August 13, 2007 — Berkeley, Calif. — Elementary school students in the Anchorage, Alaska public schools are making impressive gains in their reading test scores, the school district and the Consortium on Reading Excellence (CORE) have announced. In a new program used by ten elementary schools during the 2006-2007 school year, 83 percent of participating classrooms saw students´ reading scores improve, district officials report. This is more than double the improvement shown in the same classrooms during the preceding school year.

Describing how the striking improvements came about, district officials credit their collaboration with CORE and CORE learning consultants to fully implement the district´s research-based reading curriculum. "CORE has a highly evolved implementation plan," states Patricia McRae, Executive Director of Elementary Education for the Anchorage School District. "It is well thought out and based on years of experience and success. It´s an effective plan," she says. She describes the CORE consultants in her district as "very helpful. They´re ready for anything."

McRae first worked with CORE when it provided consulting services to six district elementary schools that were designated Reading First schools. She was struck by the reports of the six school principals, who told her that their students and teachers "would not have made the progress they did without the CORE consultants." So when the district was ready to implement a new reading curriculum in ten low-performing schools, it turned to CORE. "Our new curriculum requires changes in instruction and assessment practices. Teachers have had to adjust to 90-minute instructional blocks and learn how to utilize the results of reading assessments as they relate to reading instruction and the curriculum. The CORE consultants helped at every step of the way," McRae says.

The Special Challenges of Serving Diverse Learners

The Anchorage School District is one of the most diverse in the nation. In fact, according to census data, Anchorage is the nation´s second most ethnically diverse city (behind Los Angeles). More than 90 different languages are spoken by the city´s residents. This results in enormous challenges for the district´s 60 elementary schools, especially when it comes to teaching reading. The Houghton Mifflin Reading program includes useful assessments, says McRae. "With our new program, we ask our teachers to look at the facts–to analyze assessment results and use them to meet students´ needs," McRae notes, adding that "it´s a challenge, and our teachers have done an outstanding job–as shown by our results. Each year an increasing percentage of students in our school district are learning to read by the end of third grade."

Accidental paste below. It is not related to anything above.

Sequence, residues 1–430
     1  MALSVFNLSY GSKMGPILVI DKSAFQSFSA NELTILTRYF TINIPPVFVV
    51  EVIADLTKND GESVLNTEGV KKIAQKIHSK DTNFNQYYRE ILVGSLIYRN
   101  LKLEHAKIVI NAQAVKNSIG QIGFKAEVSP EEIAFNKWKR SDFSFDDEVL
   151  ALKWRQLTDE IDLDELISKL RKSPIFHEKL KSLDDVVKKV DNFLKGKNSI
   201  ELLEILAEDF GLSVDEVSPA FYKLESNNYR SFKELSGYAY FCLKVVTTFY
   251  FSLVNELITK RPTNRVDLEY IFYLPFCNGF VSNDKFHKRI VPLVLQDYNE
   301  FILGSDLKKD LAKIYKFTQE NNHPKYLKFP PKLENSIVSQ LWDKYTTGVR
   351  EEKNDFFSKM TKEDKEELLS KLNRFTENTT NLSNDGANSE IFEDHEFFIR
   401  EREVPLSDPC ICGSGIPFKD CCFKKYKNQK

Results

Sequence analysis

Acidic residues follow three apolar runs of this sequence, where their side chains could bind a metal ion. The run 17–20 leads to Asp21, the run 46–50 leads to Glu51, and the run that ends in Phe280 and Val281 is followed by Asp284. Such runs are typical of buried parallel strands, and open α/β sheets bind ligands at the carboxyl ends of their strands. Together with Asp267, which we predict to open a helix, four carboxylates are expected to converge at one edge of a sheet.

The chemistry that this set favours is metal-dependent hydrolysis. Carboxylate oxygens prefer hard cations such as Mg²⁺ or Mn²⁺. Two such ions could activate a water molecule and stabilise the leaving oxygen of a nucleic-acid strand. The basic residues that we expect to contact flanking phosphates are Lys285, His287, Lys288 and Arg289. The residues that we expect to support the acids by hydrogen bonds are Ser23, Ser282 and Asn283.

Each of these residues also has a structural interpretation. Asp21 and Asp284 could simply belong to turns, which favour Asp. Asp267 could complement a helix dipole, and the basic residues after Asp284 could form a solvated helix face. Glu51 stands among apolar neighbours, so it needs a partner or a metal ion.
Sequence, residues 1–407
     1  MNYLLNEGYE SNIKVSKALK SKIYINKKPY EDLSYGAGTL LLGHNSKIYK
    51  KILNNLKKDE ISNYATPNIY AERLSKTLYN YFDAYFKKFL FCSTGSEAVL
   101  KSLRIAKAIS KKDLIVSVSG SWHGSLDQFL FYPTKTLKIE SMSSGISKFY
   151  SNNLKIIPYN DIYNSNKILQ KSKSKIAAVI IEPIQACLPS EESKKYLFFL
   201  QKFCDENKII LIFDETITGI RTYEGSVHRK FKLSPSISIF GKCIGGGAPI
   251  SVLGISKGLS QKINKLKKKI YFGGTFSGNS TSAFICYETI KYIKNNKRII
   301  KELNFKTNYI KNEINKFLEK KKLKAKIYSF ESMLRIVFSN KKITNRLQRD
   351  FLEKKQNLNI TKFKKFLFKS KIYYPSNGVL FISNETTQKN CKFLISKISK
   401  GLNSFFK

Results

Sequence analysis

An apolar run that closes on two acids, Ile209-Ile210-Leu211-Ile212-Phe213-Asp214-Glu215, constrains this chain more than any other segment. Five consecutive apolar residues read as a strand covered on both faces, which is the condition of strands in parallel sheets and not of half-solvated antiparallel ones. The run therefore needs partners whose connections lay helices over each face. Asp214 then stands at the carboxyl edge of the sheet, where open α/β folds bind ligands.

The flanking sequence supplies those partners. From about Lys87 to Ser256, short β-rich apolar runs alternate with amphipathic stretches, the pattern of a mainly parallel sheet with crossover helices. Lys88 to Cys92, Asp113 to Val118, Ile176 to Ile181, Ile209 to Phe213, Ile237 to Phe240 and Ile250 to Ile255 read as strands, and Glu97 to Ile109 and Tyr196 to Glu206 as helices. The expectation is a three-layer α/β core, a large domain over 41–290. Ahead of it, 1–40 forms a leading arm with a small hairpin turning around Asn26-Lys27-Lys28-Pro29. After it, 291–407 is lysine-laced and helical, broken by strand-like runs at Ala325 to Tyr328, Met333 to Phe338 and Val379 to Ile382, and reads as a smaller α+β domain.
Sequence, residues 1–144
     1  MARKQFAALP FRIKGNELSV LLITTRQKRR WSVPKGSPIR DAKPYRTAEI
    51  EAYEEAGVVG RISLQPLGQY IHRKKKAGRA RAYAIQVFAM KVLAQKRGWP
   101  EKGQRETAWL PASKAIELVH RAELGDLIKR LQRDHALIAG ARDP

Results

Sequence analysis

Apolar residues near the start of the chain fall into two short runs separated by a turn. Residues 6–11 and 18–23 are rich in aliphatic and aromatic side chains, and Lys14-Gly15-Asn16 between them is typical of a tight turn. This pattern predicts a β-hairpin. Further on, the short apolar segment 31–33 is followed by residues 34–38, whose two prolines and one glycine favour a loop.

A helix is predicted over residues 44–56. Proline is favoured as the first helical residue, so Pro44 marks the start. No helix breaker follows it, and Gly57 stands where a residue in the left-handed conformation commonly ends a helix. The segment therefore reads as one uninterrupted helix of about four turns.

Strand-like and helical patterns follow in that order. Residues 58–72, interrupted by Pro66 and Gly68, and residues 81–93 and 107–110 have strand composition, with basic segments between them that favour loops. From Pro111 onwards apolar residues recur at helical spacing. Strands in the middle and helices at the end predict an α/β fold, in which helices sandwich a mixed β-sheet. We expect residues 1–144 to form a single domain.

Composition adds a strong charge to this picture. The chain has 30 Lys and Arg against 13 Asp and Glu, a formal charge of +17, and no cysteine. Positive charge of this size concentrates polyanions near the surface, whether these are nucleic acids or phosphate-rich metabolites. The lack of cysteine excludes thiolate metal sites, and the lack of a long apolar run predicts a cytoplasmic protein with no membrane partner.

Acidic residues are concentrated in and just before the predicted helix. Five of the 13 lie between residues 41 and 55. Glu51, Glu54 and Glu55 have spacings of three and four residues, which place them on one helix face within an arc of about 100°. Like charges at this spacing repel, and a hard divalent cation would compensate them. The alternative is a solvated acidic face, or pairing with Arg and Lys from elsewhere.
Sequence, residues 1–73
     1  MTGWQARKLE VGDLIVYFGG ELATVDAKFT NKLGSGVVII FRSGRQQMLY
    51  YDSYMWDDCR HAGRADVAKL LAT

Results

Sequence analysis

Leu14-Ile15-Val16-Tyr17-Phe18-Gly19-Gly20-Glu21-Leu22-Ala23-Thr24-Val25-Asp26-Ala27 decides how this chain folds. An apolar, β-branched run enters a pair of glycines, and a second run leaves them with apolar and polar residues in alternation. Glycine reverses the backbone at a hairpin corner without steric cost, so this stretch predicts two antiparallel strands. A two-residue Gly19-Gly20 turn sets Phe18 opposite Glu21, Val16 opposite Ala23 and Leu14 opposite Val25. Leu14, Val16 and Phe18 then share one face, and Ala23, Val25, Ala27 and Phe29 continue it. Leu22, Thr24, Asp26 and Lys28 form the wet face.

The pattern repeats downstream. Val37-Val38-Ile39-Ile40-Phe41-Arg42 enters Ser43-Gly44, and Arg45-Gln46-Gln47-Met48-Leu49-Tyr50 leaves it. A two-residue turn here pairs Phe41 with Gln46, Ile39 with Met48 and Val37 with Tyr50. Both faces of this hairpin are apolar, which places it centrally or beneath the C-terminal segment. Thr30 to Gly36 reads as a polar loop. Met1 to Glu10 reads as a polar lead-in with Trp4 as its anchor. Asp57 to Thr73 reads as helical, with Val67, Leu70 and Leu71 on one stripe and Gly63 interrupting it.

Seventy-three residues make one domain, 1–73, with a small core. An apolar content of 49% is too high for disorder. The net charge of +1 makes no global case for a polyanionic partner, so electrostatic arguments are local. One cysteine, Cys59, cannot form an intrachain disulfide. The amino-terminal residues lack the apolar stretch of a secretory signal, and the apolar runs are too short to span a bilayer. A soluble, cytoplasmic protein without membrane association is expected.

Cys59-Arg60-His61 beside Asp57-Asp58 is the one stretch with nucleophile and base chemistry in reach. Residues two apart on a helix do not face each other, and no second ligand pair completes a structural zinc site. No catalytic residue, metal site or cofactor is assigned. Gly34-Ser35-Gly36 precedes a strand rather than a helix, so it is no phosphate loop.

Results of the new program are encouraging. Implemented in kindergarten through sixth grades at each of the ten participating elementary schools, the program has helped a significant number of students make major strides in reading achievement. Some classes saw gains as high as 28 percent over previous-year scores. Across all grades and classes, score increases averaged 8.6 percent year to year. McRae says that credit is due to teachers, the reading program, and CORE´s assistance. "Fidelity of implementation is very important to the success of this reading program. That´s where the CORE consultants made a huge difference for us." Overall, she says, "I know that all kids can learn to read. We´re seeing that now and it´s exciting."

About CORE

CORE was founded in 1995 by Bill Honig, President, and former California State Superintendent of Public Instruction. CORE serves as an advisor to K-12 schools, school districts, and states on the implementation of literacy instruction validated by scientifically based reading research. Through technical advice, professional development, and on-site implementation support, the company builds the capacity of its clients to achieve sustained literacy achievement. For more information about CORE, please contact Linda Diamond at 888.249.6155 ext 101 or visit: www.corelearn.com.

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